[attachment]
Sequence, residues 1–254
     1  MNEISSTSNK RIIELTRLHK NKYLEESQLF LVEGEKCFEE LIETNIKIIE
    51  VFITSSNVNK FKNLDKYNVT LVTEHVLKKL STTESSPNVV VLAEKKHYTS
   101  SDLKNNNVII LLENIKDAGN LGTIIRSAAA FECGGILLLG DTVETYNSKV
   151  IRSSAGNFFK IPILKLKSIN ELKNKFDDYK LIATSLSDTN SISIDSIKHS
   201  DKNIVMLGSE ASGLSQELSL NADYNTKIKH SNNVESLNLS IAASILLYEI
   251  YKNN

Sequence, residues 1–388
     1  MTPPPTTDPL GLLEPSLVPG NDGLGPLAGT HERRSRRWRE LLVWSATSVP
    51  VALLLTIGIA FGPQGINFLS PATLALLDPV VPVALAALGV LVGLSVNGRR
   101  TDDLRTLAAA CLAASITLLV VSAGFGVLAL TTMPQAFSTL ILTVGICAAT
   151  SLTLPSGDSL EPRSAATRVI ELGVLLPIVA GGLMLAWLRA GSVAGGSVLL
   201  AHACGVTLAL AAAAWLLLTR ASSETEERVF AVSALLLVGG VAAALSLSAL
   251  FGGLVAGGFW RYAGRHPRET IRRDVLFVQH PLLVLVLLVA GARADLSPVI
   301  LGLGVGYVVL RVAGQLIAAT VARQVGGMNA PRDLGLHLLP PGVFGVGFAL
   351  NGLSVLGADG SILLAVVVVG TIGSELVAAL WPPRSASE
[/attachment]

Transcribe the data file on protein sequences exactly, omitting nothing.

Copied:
Sequence, residues 1–254
     1  MNEISSTSNK RIIELTRLHK NKYLEESQLF LVEGEKCFEE LIETNIKIIE
    51  VFITSSNVNK FKNLDKYNVT LVTEHVLKKL STTESSPNVV VLAEKKHYTS
   101  SDLKNNNVII LLENIKDAGN LGTIIRSAAA FECGGILLLG DTVETYNSKV
   151  IRSSAGNFFK IPILKLKSIN ELKNKFDDYK LIATSLSDTN SISIDSIKHS
   201  DKNIVMLGSE ASGLSQELSL NADYNTKIKH SNNVESLNLS IAASILLYEI
   251  YKNN

Sequence, residues 1–388
     1  MTPPPTTDPL GLLEPSLVPG NDGLGPLAGT HERRSRRWRE LLVWSATSVP
    51  VALLLTIGIA FGPQGINFLS PATLALLDPV VPVALAALGV LVGLSVNGRR
   101  TDDLRTLAAA CLAASITLLV VSAGFGVLAL TTMPQAFSTL ILTVGICAAT
   151  SLTLPSGDSL EPRSAATRVI ELGVLLPIVA GGLMLAWLRA GSVAGGSVLL
   201  AHACGVTLAL AAAAWLLLTR ASSETEERVF AVSALLLVGG VAAALSLSAL
   251  FGGLVAGGFW RYAGRHPRET IRRDVLFVQH PLLVLVLLVA GARADLSPVI
   301  LGLGVGYVVL RVAGQLIAAT VARQVGGMNA PRDLGLHLLP PGVFGVGFAL
   351  NGLSVLGADG SILLAVVVVG TIGSELVAAL WPPRSASE